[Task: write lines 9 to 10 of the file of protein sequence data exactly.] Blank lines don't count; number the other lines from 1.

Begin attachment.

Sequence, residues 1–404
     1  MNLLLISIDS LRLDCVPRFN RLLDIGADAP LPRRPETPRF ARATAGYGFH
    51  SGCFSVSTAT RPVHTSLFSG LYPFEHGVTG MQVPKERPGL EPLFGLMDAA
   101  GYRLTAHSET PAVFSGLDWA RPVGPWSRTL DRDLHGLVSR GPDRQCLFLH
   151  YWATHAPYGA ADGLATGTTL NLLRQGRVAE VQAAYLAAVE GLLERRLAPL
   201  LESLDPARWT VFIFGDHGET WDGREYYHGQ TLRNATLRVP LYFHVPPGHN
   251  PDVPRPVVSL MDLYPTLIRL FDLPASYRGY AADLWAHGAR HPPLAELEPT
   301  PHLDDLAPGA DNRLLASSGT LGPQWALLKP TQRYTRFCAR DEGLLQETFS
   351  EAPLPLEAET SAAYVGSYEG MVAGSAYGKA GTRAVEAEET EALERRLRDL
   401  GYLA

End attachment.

   351  EAPLPLEAET SAAYVGSYEG MVAGSAYGKA GTRAVEAEET EALERRLRDL
   401  GYLA